Information for the Contact PD/PI should be entered on the SF424(R&R) Cover component. All other PDs/PIs should be listed in the Research & Related Senior/Key Person component and assigned the project role of “PD/PI.” Please remember that all PDs/PIs must be registered in the eRA Commons prior to application submission. The Commons ID of each PD/PI must be included in the “Credential” field of the Research & Related Senior/Key Person component. Failure to include this data field will cause the application to be rejected.
All projects proposing Multiple PDs/PIs will be required to include a new section describing the leadership of the project.
Multiple PD/PI Leadership Plan. For applications designating multiple PDs/PIs, a new section of the Research Plan, entitled “Multiple PD/PI Leadership Plan”, must be included. A rationale for choosing a multiple PD/PI approach should be described. The governance and organizational structure of the leadership team and the Research Plan should be described, and should include communication plans, process for making decisions on scientific direction, and procedures for resolving conflicts. The roles and administrative, technical, and scientific responsibilities for the project or program should be delineated for the PDs/PIs and other collaborators.
If budget allocation is planned, the distribution of resources to specific components of the program or the individual PDs/PIs should be delineated in the Leadership Plan. In the event of an award, the requested allocations may be reflected in a footnote on the Notice of Award.
Applications Involving a Single Institution: When all PDs/PIs are within a single institution, follow the instructions contained in the SF424 (R&R) Application Guide.
Applications Involving Multiple Institutions: If multiple sites are involved in the research education program, the applicant institution must be one of these sites for the program. The need for and use of multiple sites must be justified.
Funding for the other institutions(s) must be requested via a subcontract to be administered by the primary institution. When submitting a detailed budget, the primary institution should submit its budget using the Research & Related Budget component. All other institutions should have their individual budgets attached separately to the Research & Related Subaward Budget Attachment(s) Form. See Section 4.8 of the SF424 (R&R) Application Guide for further instruction regarding the use of the subaward budget.
Submission Dates and Times
See Section IV.3.A for details.
3.A. Submission, Review, and Anticipated Start Dates
Opening Date: December 7, 2010 (Earliest date an application may be submitted to Grants.gov)
Letters of Intent Receipt Date(s): 30 days before the submission date
AIDS Application Due Date(s): January 7 annually
Peer Review Date(s): March annually
Council Review Date(s): May annually
Earliest Anticipated Start Date(s): July 1 annually
3.A.1. Letter of Intent
Prospective applicants are asked to submit a letter of intent that includes the following information:
Although a letter of intent is not required, is not
binding, and does not enter into the review of a subsequent application, it is
strongly recommended since the information that it contains allows IC staff to
estimate the potential review workload and plan the review.
The letter of intent is to be sent by the date listed in Section IV.3.A.
The letter of intent should be sent to:
David M. Stoff, Ph.D.
Division of AIDS Research
National Institute of Mental Health
6001 Executive Boulevard, Room 6210, MSC 9619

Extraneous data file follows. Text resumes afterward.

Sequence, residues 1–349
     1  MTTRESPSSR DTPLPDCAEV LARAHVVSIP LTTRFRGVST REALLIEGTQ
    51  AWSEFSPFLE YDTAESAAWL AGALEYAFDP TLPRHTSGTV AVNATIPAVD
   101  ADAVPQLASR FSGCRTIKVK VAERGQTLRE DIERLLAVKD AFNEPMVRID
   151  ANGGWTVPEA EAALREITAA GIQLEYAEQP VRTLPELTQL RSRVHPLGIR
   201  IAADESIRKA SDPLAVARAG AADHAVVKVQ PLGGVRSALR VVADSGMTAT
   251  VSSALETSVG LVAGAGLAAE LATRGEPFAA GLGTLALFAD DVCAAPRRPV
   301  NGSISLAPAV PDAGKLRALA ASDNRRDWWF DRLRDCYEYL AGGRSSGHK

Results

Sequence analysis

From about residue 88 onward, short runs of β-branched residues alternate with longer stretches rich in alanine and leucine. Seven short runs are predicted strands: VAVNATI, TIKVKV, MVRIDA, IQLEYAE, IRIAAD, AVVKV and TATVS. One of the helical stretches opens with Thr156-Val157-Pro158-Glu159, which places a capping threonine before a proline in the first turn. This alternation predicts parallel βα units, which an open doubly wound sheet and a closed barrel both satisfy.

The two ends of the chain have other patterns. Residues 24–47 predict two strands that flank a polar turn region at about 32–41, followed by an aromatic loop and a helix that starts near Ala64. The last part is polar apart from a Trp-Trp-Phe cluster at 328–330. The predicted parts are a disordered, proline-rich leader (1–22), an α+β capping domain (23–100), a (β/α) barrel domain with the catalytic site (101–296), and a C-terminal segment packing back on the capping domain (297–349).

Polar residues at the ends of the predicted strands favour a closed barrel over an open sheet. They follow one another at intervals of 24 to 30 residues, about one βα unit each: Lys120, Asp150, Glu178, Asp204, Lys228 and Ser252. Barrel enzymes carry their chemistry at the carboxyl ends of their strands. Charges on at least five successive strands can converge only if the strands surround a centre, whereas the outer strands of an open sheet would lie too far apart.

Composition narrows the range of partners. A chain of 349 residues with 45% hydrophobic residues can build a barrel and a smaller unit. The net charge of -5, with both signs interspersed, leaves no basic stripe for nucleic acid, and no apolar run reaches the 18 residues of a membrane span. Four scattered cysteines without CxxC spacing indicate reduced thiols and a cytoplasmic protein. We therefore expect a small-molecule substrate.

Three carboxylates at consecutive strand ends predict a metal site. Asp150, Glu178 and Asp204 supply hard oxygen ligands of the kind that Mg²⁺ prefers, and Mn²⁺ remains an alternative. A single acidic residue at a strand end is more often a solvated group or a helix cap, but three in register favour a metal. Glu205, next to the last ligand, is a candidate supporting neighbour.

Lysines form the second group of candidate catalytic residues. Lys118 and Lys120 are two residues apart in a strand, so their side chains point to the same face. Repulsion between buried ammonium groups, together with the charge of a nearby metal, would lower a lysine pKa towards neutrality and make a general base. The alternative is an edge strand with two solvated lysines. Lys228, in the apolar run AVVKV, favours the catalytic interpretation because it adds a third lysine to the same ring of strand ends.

Bethesda, MD 20892-9619
Rockville, MD 20852 (for express/courier service)
Telephone: (301) 443-4625
an Application Electronically to the NIH
To submit an application in response to this FOA, applicants should access this FOA via http://www.grants.gov/Apply and follow steps 1-4. Note: Applications must only be submitted electronically. PAPER APPLICATIONS WILL NOT BE ACCEPTED. All attachments must be provided to NIH in PDF format, filenames must be included with no spaces or special characters, and a .pdf extension must be used.
In order to expedite the review, applicants are
requested to notify the NIMH Referral Office by email (NIMHReferral@mail.nih.gov) when the application has
been submitted. Please include the FOA number and title, PD/PI name,
and title of the application.
3.C. Application Processing
3.C.1 Submitting On-Time
Applications may be submitted on or after the opening date and must be successfully received by Grants.gov no later than 5:00 p.m. local time (of the applicant institution/organization) on the application due date(s). (See Section IV.3.A. for all dates.) If an application is not submitted by the due date(s) and time, the application may be delayed in the review process or not reviewed. All applications must meet the following criteria to be considered “on-time”:
Please visit http://era.nih.gov/electronicReceipt/app_help.htm for detailed information on what to do if Grants.gov or eRA system issues threaten your ability to submit on time.
Submission to Grants.gov is not the last step – applicants must follow their application through to the eRA Commons to check for errors and warnings and view their assembled application!
3.C.2 Two Day Window to Correct eRA Identified Errors/Warnings
IMPORTANT NOTE! NIH has eliminated the error correction window for due dates of January 25, 2011 and beyond. As of January 25, all corrections must be complete by the due date for an application to be considered on-time. See NOT-OD-10-123.
Once an application package has been successfully submitted through Grants.gov, NIH provides applicants a two day error correction window to correct any eRA identified errors or warnings before a final assembled application is created in the eRA Commons. The standard error correction window is two (2) business days, beginning the day after the submission deadline and excluding weekends and standard federal holidays. All errors must be corrected to successfully complete the submission process. Warnings will not prevent the application from completing the submission process.